Let N be a normal subgroup of a **p**-solvable group **G**. The purpose of this paper is to investigate some properties of N under the condition that the two longest **sizes** of the non-central **p**-**regular** **G**-**conjugacy** classes of N are coprime. Some known results are generalized.

Lemma . Let **G** be a simple group with a disconnected prime graph. Then its order com- ponents are exhibited in Tables -, where **p** is an odd prime and q is a prime power. Proof By [, , ] and the deﬁnition of order component, we easily get order components of **G** in Tables -. Note that some mistakes and misprints in [, , ] are amended in

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In Chapter 2, literature on related work is perused. The focus being on the cycle index formulas, subdegrees and suborbital graphs of permutation groups. In Chapter 3, intersections of **conjugacy** **class** of elements **g** ∈ **G** with certain subgroups of **G**, are used to determine the disjoint cycle structure of **g** and hence cycle index of **G** corresponding to some given permutation representations. In essence, the action of **P** SL(2, q) on the cosets of C q−1

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Let **G** be a group with identity element e and x, y ∈ **G**. The element x is conjugate to y if there exists an element **g** ∈ **G** such that **g** −1 xg = x **g** = y. The relation x is conjugate to y is an equivalence relation on **G**. It is reflexive since x e = x and symmetric since if x **g** = y then x = gyg −1 = y **g** −1 . Finally it is transitive since if x **g** = y and y h = z then substitute x **g** for y, we get (x **g** ) h = z. Set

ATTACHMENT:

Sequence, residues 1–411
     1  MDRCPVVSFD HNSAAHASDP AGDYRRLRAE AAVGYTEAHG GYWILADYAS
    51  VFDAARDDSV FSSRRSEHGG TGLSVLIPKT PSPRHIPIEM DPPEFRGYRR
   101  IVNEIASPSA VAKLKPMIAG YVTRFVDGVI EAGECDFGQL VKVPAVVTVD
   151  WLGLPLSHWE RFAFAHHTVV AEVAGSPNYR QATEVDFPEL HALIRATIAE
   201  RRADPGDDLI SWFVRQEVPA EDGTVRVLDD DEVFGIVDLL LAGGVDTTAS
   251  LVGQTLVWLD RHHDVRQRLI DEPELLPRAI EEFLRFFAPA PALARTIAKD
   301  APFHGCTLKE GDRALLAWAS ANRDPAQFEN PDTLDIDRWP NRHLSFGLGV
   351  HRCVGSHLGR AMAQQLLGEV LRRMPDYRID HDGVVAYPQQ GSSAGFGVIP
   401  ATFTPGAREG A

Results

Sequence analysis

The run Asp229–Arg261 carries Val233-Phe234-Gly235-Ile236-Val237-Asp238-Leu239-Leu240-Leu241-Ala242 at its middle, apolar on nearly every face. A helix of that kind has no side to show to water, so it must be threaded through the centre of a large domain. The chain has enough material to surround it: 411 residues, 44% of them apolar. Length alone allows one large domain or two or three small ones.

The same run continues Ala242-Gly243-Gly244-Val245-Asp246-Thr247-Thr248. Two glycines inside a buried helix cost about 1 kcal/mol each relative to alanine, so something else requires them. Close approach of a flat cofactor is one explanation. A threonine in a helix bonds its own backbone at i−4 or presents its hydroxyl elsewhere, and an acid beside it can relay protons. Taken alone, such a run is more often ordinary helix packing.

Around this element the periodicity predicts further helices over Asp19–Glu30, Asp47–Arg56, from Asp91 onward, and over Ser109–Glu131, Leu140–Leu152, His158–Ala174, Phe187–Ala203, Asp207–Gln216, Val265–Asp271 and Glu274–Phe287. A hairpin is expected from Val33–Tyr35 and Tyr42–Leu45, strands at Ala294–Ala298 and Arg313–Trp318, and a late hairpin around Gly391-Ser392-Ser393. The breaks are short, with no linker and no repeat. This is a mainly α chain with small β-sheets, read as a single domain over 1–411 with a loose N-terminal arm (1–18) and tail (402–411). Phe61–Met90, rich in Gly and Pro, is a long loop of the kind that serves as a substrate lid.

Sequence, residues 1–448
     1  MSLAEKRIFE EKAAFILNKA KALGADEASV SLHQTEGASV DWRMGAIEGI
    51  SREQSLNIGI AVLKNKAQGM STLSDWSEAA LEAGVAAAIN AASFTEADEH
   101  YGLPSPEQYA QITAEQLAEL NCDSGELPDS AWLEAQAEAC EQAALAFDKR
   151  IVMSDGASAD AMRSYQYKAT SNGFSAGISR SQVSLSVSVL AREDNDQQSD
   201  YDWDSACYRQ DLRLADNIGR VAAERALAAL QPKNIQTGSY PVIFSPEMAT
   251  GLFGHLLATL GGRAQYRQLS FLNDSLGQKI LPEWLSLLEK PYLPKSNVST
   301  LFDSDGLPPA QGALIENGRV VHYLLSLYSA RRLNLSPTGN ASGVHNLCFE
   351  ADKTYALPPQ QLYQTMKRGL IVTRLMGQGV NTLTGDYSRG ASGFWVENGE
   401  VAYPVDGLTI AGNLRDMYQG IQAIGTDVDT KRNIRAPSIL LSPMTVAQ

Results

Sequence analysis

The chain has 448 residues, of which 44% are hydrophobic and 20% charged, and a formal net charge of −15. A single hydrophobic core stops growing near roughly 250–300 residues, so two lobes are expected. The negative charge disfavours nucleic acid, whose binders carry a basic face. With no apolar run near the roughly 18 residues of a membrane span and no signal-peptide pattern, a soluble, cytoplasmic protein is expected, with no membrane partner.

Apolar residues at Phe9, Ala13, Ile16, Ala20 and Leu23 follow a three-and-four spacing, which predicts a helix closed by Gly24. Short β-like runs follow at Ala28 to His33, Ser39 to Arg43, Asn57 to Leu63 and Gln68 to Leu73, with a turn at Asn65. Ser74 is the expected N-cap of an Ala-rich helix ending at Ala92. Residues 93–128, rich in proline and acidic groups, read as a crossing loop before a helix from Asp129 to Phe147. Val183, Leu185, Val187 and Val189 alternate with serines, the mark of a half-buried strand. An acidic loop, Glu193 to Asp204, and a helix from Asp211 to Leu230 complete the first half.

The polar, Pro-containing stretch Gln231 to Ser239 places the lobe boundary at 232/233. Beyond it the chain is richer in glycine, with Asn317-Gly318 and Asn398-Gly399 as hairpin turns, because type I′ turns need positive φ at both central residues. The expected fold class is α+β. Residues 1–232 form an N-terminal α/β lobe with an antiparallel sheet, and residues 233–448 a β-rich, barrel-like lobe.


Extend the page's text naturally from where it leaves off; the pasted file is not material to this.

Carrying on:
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Abstract. We determine the maximal number of **conjugacy** classes of maximal elementary abelian subgroups of rank 2 in a finite **p**-group **G**, for an odd prime **p**. Namely, it is **p** if **G** has rank at least 3 and it is **p** + 1 if **G** has rank 2. More precisely, if **G** has rank 2, there are exactly 1, 2, **p** + 1, or possibly 3 classes for some 3-groups of maximal nilpotency **class**.

Let **G** be a group with the identity element e and x, y ∈ **G**. The element x is conjugate to y in **G** if there exists an element **g** ∈ **G** such that **g** −1 xg = x **g** = y. The relation x is conjugate to y is an equivalence relation on **G**. This equivalence relation induces a partition of **G** whose elements are called **conjugacy** classes. The number of **conjugacy** classes of **G** is denoted by cl **G** .